Concerns Aired At Packed Committee Meeting
By LIBBY CUDMORE • for www.AllOTSEGO.com
ONEONTA – A recommendation to move the city manager’s qualifications out of the city charter received the most negative comment this afternoon when proposed revisions were unveiled before a Common Council committee.
City Council Member David Rissberger, Third Ward, a member of the original Charter Revision Commission, said putting the qualifications in the charter was a response to public input.
“That was the biggest concern (in 2009-10) when we were rewriting the charter,” he said. “The number of times I heard people say, ‘You’re doing this so you can put so-and-so into the position.’”
He said the qualifications in the charter was done to block cronyism in a city manager’s selection, and was recommended by Robert McEvoy, a consultant to the commission from the Rockefeller College of Public Affairs & Policy in Albany.
“You can change, loosen, tighten or add the qualifications,” said Paul Scheele, another member of the original commission, “but having these qualifications indicates the standards Oneonta expects.
“This is the minimum to being considered a serious applicant. There is nothing in those qualifications that would prevent any flexibility,” said Scheele.
The other focus of public questioning was why changes in the charter, approved by 71 percent of voters in a 2011, wouldn’t also have to be approved by a second referendum.
“If you’ve changed what we voted on, let us vote on it again,” resident Arlene Curley advised Common Council’s Legislative Committee, which this afternoon reviewed changes recommended by Mayor Gary Herzig’s ad hoc Committee on Charter Revision.
“Who decides what substantive changes are?” said Laurie Zimniewicz, another member of the original commission. “Six people? Eight people? Or the city? Under Home Rule, any time positions are changed, a referendum is mandatory.”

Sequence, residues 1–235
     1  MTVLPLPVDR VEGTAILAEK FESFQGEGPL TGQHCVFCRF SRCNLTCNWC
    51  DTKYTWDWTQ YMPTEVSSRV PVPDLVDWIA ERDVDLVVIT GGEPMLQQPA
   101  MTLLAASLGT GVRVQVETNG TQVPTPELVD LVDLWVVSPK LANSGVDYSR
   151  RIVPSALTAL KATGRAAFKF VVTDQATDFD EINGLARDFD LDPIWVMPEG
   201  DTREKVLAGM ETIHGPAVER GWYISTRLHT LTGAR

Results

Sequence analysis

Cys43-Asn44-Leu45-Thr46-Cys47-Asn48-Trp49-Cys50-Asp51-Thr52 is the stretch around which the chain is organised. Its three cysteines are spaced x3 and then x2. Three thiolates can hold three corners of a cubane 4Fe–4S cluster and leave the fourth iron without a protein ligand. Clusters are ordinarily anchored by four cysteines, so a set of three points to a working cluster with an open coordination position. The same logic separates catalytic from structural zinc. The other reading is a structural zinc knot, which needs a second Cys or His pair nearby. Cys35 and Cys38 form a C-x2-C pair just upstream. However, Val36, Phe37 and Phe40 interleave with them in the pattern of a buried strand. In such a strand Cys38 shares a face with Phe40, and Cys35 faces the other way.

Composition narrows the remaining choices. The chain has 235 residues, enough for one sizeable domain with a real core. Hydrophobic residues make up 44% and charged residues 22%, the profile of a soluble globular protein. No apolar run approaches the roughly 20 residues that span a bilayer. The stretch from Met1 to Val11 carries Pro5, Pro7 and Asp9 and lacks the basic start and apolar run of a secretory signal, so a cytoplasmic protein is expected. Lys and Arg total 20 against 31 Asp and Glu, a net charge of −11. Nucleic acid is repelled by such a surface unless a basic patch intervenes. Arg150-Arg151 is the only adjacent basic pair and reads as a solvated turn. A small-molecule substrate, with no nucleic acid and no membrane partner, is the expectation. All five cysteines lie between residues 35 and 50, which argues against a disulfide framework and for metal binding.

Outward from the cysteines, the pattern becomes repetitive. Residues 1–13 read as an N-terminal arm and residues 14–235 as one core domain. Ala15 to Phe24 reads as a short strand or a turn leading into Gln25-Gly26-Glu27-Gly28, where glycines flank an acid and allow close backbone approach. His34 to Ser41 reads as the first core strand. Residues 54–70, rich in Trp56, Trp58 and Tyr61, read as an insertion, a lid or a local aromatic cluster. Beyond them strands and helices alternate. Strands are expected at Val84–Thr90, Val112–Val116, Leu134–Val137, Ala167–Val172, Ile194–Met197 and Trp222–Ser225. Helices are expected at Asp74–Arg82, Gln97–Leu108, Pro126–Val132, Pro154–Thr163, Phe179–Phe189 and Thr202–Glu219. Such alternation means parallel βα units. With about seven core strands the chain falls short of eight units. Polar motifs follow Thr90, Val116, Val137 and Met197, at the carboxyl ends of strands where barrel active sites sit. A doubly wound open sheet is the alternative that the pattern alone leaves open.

But other said there is some support for abolishing the position of city manager altogether, after the firing of the city’s first two city manages in as many years.
“When I knocked on 1,000 doors, the majority of them said ‘After all we’ve been through, we should get rid of the city manager’,” said Herzig. “I was taken aback. I’m going to do everything I can to minimize a third failure.”
“I find it curious that the mayor didn’t include the elimination of the city manager position in the committee’s charge,” said former City Clerk Doug Kendall, now director of Hartwick College’s Yager Museum. “The city manager isn’t needed, and it has hindered the city’s progress.”
Though no public hearing has been set, Herzig assured the public that they would have time to share their thoughts. “There will be at least two more council meetings where comments are welcome, and an official public hearing,” he said. “We’re all united in wanting to make the city a better place.”